Gentlemen and Scholars - The Fault
Record Label: Torque Records
Release Date: October 27, 2009
Gentlemen and Scholars, the six-piece band from Evansville, Indiana, seem to be built around the idea of mixing as many genres as possible into their music. Hard punk songs are contrasted by piano ballads, southern rock numbers and even energetic post-hardcore influenced tunes. And while such diversity would cause most bands to appear scattered and all over the place, Gentlemen and Scholars achieve a strong sense of identity while continuing to experiment.
The Fault is the band's sophomore full length, and the band continues its mix of nu-metal, punk, rock and roll, and emo in an interesting and well thought out fashion. Starting out the album with Wes Beach's screams and heavily distorted guitars, "We're Outta Here '89" is a high energy, punkish style jam, perfect to open the album. The next track, "The Mason," contrasts the opener by slowing the pace down slightly, and adding more poppy piano and drumming. The song packs a catchy chorus, a bouncy and memorable bassline, and an impressive guitar solo to end the track.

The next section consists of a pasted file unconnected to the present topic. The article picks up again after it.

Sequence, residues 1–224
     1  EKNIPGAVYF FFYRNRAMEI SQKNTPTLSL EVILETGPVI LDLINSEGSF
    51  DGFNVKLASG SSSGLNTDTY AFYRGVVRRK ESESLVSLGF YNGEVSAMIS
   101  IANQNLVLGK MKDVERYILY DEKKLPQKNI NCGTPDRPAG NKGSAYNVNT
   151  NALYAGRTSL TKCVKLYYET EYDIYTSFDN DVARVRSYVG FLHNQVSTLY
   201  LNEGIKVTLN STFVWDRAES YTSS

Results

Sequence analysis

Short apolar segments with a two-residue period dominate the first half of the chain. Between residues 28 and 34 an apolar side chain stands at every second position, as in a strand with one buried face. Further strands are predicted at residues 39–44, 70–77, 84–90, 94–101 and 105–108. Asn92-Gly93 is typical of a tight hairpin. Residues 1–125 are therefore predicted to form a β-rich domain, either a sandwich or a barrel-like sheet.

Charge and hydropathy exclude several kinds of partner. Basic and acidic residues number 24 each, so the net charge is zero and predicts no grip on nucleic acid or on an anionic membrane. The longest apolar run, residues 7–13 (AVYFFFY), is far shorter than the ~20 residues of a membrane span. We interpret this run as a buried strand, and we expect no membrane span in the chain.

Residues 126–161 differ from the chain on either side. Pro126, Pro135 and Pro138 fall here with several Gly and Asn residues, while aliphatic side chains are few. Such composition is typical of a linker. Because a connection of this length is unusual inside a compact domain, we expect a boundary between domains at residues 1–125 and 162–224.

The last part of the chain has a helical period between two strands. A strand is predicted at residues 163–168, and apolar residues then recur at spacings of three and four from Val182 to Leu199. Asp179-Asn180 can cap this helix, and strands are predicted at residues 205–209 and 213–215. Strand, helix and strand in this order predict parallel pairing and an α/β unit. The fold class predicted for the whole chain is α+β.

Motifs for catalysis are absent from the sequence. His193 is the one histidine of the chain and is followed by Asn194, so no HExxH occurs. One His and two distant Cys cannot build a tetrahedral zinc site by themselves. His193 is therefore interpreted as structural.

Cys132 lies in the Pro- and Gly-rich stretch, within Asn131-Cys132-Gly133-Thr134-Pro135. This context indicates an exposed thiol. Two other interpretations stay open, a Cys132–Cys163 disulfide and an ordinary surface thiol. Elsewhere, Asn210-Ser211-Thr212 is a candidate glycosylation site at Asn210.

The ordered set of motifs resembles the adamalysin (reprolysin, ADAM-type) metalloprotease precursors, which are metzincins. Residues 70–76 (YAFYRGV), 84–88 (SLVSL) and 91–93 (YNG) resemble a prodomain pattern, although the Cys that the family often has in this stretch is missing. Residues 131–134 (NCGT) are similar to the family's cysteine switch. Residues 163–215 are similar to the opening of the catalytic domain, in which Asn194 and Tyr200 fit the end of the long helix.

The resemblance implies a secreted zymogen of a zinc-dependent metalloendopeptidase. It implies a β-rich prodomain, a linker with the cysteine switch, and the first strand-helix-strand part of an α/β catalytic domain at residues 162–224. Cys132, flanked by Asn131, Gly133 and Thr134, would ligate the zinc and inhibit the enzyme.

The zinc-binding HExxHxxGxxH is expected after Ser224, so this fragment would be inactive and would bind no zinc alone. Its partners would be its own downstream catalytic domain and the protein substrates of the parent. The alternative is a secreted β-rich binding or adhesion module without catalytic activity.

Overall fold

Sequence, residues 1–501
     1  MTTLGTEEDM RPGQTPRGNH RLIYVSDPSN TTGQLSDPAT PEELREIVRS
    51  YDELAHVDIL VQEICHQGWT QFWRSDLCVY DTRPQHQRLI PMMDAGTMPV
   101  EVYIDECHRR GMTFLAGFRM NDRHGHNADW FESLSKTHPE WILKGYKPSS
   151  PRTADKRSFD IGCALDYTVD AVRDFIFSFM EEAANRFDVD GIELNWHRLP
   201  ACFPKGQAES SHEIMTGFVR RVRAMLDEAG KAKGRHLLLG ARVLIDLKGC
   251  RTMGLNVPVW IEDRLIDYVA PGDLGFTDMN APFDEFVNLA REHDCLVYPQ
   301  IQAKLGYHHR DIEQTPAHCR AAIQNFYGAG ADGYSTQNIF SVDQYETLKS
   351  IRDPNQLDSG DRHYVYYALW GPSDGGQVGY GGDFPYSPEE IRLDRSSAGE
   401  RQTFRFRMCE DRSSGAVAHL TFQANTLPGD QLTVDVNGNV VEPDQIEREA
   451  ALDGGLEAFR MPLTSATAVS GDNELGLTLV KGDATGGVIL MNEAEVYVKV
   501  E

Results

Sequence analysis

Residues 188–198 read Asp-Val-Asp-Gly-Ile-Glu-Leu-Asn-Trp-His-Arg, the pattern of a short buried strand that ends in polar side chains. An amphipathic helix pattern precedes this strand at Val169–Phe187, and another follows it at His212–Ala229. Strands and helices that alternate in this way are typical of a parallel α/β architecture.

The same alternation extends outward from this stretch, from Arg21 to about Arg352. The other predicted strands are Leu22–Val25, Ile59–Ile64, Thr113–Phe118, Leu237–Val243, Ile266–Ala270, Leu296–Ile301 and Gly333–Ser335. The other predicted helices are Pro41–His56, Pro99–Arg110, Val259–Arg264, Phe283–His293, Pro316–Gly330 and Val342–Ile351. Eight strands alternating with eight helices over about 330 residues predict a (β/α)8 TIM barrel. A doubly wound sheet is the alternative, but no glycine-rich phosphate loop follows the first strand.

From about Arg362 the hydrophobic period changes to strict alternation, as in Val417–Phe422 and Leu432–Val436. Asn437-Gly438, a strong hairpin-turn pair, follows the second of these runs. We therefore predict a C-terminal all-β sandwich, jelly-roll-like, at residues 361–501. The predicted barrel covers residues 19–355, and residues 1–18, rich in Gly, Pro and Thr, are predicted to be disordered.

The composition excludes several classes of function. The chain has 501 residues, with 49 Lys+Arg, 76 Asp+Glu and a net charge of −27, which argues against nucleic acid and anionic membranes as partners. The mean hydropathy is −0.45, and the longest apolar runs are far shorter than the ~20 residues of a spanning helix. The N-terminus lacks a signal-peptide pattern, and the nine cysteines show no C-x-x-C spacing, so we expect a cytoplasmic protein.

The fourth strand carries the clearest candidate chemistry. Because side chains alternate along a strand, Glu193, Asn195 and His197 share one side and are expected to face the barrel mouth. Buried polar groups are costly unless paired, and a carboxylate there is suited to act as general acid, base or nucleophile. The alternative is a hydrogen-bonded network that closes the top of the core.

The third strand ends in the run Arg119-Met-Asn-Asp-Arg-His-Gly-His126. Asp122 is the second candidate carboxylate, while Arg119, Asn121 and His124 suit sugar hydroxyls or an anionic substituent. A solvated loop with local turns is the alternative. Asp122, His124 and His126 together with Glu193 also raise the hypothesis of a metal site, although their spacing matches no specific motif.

The variety in the music doesn't stop there. The band throws in dark, brooding melodies ("Make Me Better Better"), annoyingly catchy hooks ("Fire Add Water" and "Miss Louise") beautiful piano ballads ("Vanity") and upbeat rockers ("High Heels Low Lifes" and "Madman Nash"). There is such a mixture of styles involved that it would be hard to find a user of this website that wouldn't like at least one song on The Fault.
What's intriguing about the album, though, and really, what makes it worthwhile, is that the band sounds like themselves the entire record. Instead of relying on borrowing from their vast range of influences, Gentlemen and Scholars infuse their own elements into each song. As diverse an album as it is, the listener can still hear the constant emotion and energy that fills the album. Beach sings with a raw, impassioned edge, and the band backs him up perfectly.
Overall, The Fault is a success. The variance in the music is more than enough to keep the listener interested, and the band stays just true enough to themselves to maintain that entertaining, emotional atmosphere. The album is an extremely good listen, and the band definitely shows potential to be pretty big in this scene, however unconventional they may be.